Kung Fu 2020
Rolling their milestone into the future, American punk mainstays file a concert report.
One quarter of a century spent in action might be a great excuse for any vigorous group to lose impetus, yet this ensemble don’t give a flying fuck about old farts as there’s a lot of venom in Kris Roe’s trio’s veins to be spilled on punters. And it’s about time the band’s fans receive a new on-stage document, what with their only properly issued live record arriving way back in 2004 and a few later releases either limited to smaller markets or not available on disc. The set the veterans delivered in Illinois in 2019 is well worth the worldwide exposure, the full-on energetic songs on offer a proud proof of the collective’s current capabilities.
It’s not a greatest hits display, even though the artists touch upon several notches in their catalogue – ten out of five pieces here hail from 2003’s “So Long, Astoria”: the group’s most successful album – but this array of has a fine flow to it and a nice, stentorian ring, too, from the solemn squeal of “In This Diary” onward to “All Songs At Once” – a fresh mashup of the entire gig, a mad essence of the trio’s pop-noise. For all the ferocity, though, which the likes of “Unopened Letter To The World” are infused with, they demonstrate overt passion, and when the singer is left alone to emote on “Your Boyfriend Sucks” and a couple other numbers, Roe’s raw six-string strum and voice equal the acoustic approach he revealed earlier. That’s what makes the concert takes on “Boys Of Summer” and “The Saddest Song” so special, while the pride of space should go to the folk-informed “Summer ’79” where bass and drums fuel up Kris’ stanzas.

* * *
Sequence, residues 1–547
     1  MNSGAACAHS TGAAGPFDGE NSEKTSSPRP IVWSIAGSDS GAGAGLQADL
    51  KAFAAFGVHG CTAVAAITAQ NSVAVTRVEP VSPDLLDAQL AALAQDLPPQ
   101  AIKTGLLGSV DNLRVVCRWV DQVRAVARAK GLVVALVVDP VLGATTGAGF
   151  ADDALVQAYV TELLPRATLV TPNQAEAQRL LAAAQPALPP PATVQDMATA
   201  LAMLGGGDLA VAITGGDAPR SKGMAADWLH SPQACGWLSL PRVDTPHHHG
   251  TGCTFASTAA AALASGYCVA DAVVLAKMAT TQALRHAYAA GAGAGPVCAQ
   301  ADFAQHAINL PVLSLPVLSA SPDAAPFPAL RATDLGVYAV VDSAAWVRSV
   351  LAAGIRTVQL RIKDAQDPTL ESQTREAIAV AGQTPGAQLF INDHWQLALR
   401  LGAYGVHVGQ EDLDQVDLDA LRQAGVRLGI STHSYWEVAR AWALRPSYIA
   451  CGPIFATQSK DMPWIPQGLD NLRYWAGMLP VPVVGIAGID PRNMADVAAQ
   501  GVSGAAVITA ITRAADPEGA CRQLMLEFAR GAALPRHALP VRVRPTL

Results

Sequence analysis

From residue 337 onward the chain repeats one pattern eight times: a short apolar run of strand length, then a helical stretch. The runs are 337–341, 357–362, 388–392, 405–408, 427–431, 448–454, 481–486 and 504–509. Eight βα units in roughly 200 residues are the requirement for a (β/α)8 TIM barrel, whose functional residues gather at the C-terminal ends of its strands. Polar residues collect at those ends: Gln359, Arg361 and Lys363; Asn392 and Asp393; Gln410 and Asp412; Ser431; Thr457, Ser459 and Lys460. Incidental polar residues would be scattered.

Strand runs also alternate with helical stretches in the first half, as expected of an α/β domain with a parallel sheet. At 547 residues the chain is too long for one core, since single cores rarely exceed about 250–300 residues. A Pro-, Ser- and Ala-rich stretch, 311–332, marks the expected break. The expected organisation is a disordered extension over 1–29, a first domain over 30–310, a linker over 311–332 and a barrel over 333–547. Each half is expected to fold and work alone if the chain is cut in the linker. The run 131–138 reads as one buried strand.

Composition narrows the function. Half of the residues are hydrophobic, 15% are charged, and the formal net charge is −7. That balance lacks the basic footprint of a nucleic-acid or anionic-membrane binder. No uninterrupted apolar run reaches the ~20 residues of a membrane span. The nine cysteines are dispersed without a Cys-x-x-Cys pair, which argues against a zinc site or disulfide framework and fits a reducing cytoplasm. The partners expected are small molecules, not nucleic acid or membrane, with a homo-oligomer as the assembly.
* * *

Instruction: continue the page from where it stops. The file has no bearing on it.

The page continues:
Somewhat aloof, “Takeoffs And Landings” also gets high on a powerful, slightly aggressive groove, yet the “pretend” finale “Radio #2” – whose lines are shared with the audience – hits the crowd right in the face. The whole record does, so losing impetus might be out of question for another 25 years.